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New York proposes strict cybersecurity regulations on financial institutions and insurers

On September 13, the New York Department of Financial Services (DFS) proposed demanding cybersecurity regulations for financial institutions and insurers. The proposed regulations incorporate ideas from federal regulations like the Securities and Exchange Commission’s Regulation Systems Compliance and Integrity as well as move toward European Laws. Most major financial institutions and insurers already have similar measures in place.

The proposed regulations require all state-regulated banks and insurers to annually assess their cyber vulnerabilities as well as develop data and system protection policies and immediate security breach response plans. Each entity would have to designate a chief information security officer (CISO) who is responsible for biannually submitting a report to the board of directors on the effectiveness of the cybersecurity policy.

The regulations would require companies to have thorough written cybersecurity policies that a board of directors must review and a senior office must sign off on. Entities would be required to annually submit to the DFS a certification of compliance and would have 72 hours to notify DFS of “any material risk of imminent harm relating to its cybersecurity program.”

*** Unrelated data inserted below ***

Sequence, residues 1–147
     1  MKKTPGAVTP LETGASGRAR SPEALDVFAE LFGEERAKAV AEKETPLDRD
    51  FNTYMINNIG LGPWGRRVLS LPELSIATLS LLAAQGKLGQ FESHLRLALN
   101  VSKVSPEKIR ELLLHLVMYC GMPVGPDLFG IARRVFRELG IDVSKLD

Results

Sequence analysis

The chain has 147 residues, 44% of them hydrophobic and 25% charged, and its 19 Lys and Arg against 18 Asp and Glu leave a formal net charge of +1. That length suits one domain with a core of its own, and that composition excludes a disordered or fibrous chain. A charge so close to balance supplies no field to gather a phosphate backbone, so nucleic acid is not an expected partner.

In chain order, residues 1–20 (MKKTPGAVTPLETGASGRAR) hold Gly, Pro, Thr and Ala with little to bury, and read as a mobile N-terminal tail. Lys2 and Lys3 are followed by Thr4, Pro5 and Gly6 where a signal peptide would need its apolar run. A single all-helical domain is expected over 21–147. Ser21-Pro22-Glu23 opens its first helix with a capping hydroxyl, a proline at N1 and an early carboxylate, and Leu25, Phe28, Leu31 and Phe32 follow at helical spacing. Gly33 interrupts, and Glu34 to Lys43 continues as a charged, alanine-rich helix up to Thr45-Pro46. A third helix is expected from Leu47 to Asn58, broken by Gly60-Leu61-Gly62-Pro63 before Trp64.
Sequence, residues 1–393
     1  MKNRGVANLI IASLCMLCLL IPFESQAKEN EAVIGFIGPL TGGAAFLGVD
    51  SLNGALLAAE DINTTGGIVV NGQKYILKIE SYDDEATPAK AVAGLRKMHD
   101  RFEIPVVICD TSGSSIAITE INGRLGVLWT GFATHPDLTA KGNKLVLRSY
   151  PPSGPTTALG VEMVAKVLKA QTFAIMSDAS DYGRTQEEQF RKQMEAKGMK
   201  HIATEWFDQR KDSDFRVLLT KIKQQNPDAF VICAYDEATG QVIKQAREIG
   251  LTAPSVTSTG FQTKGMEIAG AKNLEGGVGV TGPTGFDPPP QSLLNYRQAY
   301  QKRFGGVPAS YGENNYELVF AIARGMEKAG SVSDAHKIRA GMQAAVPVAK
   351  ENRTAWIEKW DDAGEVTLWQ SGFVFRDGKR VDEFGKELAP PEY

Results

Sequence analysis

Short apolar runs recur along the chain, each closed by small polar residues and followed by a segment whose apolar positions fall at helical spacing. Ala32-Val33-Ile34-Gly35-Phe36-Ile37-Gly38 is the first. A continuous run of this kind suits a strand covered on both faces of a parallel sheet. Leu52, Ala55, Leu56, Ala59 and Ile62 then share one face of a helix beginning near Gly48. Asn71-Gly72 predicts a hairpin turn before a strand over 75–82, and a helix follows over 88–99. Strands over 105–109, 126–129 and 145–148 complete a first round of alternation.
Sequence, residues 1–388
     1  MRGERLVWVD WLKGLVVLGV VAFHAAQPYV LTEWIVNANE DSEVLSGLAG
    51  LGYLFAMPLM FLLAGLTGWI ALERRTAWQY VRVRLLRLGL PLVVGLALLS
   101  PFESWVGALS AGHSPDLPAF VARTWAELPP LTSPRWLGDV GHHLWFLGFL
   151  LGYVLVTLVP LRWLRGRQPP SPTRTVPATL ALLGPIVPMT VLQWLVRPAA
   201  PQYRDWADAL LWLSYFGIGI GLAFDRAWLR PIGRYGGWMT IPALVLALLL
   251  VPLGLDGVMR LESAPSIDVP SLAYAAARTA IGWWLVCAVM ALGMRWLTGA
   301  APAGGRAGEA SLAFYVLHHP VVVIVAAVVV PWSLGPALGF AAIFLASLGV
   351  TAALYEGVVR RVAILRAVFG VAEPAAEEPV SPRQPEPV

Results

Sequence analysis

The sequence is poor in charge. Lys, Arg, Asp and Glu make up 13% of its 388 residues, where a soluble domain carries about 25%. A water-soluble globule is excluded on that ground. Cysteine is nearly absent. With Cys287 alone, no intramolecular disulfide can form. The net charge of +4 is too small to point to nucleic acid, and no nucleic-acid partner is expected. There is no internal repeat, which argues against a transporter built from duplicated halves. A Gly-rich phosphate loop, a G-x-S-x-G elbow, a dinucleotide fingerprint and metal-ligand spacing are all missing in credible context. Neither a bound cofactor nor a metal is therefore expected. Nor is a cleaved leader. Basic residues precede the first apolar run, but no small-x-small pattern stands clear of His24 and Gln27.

If enacted, the regulations could have immediate and long-term implications in and out of New York. Similar to the recently enacted Privacy Shield between the European Union and the U.S., Section 500.11 of the DFS proposal requires that any contracted third-party vendors with access to the covered entities’ information systems or non-public information utilize similarly stringent cybersecurity policies. This necessarily brings data protection to the forefront of contract negotiations between covered entities and their service providers and, as a result, could have the effect of promoting strong cybersecurity across various industries.

However, the regulations could have serious cost and resource effects on smaller and midsized companies. Compliance—especially if entities do not already have a cybersecurity routine in place—will likely prove to be a challenge.

A 45-day public comment period began September 28, 2016. The proposed regulations will take effect on January 1, 2017. Covered entities will have 180 days to comply. The full text of the proposed regulations can be found here.

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